As for José, he is quickly pushed out of Anastasia’s life with barely a backwards glance. Because she didn’t have extraterrestrial powers to rely on, like Meyers, E.L. James uses Christian’s enormous wealth. Christian employs full-time bodyguards and a P.I./Tech guy who will do his bidding at all times. With these resources, he compiles a dossier on Anastasia’s life (including banking information, social security number, where she works and lives) and uses this information to his advantage throughout the series. At various times he adds money to her bank account, buys her a car she doesn’t want or need (and sells her old one!), and provides her with many tech products that he clearly has remote access to. To many people this would not sound like something to complain about, but financial control is very much an element of many domestic abuse situations.
Furthermore, after Anastasia turns down a position working at his company and instead accepts an editorial assistant position at a local publishing house, Christian turns around and acquires the company, thereby making himself her boss. Like her predecessor Bella, Anastasia ends the series married and pregnant, happily the property of a very rich husband. And like the woman who inspired her, E.L. James refuses to acknowledge the themes she herself has written, saying it “freaks [her] out” that people view the relationship as one of domestic abuse.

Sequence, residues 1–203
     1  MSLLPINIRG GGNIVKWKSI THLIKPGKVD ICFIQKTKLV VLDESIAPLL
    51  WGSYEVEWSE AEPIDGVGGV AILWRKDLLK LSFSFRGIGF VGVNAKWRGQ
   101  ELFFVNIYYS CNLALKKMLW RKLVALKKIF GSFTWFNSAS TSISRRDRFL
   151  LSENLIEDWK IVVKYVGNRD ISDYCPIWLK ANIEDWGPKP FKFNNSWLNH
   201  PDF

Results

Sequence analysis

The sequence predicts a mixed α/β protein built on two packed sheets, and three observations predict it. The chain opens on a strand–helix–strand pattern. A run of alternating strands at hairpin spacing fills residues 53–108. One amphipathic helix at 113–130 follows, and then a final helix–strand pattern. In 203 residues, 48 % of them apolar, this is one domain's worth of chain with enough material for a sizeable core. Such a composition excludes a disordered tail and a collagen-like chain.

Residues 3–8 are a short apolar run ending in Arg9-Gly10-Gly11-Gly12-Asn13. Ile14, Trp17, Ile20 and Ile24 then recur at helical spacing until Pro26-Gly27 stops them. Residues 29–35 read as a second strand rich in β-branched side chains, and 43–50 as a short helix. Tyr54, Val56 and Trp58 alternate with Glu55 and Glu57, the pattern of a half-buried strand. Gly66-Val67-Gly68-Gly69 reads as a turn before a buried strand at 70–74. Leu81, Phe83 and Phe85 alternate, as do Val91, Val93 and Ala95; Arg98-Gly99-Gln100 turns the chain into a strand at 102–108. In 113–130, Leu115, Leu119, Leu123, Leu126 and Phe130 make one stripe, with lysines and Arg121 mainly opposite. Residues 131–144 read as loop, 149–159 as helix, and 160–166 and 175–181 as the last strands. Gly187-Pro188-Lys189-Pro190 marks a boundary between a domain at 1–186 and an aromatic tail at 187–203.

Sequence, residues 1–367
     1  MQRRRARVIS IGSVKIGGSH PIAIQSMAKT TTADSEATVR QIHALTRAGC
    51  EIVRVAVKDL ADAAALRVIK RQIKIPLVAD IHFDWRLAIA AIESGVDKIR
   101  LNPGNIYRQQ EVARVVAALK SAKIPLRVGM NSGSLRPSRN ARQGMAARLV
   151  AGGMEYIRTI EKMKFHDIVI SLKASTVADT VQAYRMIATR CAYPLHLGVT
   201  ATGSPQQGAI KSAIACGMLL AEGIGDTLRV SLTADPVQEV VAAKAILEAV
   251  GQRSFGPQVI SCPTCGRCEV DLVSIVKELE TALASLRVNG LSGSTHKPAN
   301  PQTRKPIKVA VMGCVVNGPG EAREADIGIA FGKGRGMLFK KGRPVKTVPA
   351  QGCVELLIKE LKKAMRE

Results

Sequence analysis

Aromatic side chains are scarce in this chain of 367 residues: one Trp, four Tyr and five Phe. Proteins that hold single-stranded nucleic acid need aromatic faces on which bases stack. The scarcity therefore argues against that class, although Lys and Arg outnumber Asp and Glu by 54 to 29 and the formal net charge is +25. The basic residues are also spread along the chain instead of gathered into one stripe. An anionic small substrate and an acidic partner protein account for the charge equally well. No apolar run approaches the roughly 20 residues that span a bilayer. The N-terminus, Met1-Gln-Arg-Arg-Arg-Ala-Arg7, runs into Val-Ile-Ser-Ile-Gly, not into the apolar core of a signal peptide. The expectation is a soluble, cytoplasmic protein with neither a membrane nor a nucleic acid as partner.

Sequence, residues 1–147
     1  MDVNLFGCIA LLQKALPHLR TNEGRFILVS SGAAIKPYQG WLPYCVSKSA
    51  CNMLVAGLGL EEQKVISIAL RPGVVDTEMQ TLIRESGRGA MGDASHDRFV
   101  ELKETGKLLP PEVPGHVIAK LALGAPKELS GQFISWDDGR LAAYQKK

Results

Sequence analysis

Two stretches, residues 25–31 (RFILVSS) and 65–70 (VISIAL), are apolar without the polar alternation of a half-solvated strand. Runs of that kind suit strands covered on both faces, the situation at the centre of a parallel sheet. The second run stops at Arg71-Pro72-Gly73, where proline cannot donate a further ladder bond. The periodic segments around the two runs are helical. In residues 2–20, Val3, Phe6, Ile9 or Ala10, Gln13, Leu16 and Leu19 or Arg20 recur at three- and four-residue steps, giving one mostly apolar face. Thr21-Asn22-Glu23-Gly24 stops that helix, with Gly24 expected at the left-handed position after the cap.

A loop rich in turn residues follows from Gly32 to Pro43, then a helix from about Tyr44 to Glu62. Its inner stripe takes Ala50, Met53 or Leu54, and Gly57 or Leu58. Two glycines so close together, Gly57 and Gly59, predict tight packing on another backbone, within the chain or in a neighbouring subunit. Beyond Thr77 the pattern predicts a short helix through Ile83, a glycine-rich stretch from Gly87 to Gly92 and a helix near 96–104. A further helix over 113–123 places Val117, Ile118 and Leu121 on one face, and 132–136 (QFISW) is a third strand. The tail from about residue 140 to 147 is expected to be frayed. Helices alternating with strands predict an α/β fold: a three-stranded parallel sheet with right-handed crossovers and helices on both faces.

Next we’ll tackle Anna Todd’s After. This is not exactly Twilight inspired, but stay with me. After was also originally a fanfiction, based on poor Harry Styles of One Direction fame. I believe it is also supposed to be reminiscent of Wuthering Heights, also an inspiration of Stephenie Meyer’s for Twilight (See? Got there in the end). The similarities have been noted before: for a full breakdown visit Jenny Trout’s blog where she attempts to read After and details how closely the three plots are aligned.
In a plot truly too complicated to break down completely, we witness Tessa fall for Hardin, a British boy with a troubled past. Throughout their romance, Hardin is regularly violent, jealous to the point of abnormality, and emotionally abusive. The two meet at college, where Tessa is a vulnerable freshman who knows no one. Hardin is older, with a big group of friends who are also implicit in the emotional abuse he drags Tessa through. Their relationship is based on a bet Hardin makes with his friends to take her virginity. What fun.